Saturday, August 17, 2019

Is Your Honeymoon Really Necessary? (1953): A Mischievous Bedroom Farce That Falls Flat

Bonar Colleano share a drink with his new wife, Diana Decker.
Is Your Honeymoon Really Necessary? (1953) proves just how dumb a farce can be.  Farces depend on preposterous situations and this film presents a situation that couldn't be more preposterous.  A U. S. airman, Commander Laurie Vining (Bonar Colleano), is on a honeymoon with his new wife Gillian (Diana Decker) when he is visited by his former wife Candy (Diana Dors), who claims they're not divorced.  It turns out that Vining married Candy years earlier when he was first stationed in England.  According to Candy, the British government does not recognize the couple's divorce because the paperwork Vining filed in the United States is not applicable to a marriage authorized in England.  Vining must file a new suit in the British courts to divorce Candy.

It's a simple paperwork issue that can easily be resolved.  It is hard to believe that Gillian, who has been nothing but gentle and kind to her husband, would storm out over something like this.  But that is exactly what Vining fears will happen.  So, he does everything he can to keep his ex-wife out of sight and keep his accidental bigamy a secret.  What follows is what usually follows in a bedroom farce: lots of doors slamming, a woman hiding under a bed, and endless lies sputtered at a frantic pace.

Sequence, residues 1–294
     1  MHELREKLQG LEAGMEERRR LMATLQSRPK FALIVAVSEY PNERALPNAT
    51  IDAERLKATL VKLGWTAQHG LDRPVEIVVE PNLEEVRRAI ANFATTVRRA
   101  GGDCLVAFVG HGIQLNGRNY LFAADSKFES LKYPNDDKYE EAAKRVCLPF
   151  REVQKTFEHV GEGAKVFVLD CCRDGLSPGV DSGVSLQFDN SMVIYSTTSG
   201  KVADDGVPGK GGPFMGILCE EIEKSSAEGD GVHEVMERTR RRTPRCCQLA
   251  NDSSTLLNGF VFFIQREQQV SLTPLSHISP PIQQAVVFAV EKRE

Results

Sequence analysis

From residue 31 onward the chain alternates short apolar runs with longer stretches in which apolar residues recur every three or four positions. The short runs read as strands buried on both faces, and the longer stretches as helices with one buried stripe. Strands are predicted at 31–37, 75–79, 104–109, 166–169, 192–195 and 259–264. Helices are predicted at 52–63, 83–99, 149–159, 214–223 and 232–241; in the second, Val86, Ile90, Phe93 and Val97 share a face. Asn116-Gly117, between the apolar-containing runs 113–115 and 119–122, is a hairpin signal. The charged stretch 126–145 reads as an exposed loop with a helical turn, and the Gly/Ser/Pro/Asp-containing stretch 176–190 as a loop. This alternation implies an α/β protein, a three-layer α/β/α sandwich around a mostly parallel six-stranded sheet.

Then, Vining's commanding officer astonishingly crashes the honeymoon, too.

Vinings' friend and lawyer Frank Betterton (David Tomlinson) shows up to help.  Saucy Candy enjoys teasing the sexually repressed Frank at every opportunity. 

The highlight of the film turns out to be Frank and Candy falling in love.

Candy is motivated to create this big fuss by slight bit of mischief and spite.  She tells Frank, "I only wanted to frighten Laurie a little."  It's a flimsy premise for a feature film.  It essentially means that viewers spend one hour and twenty minutes watching a bratty girl put a tack on a chair.

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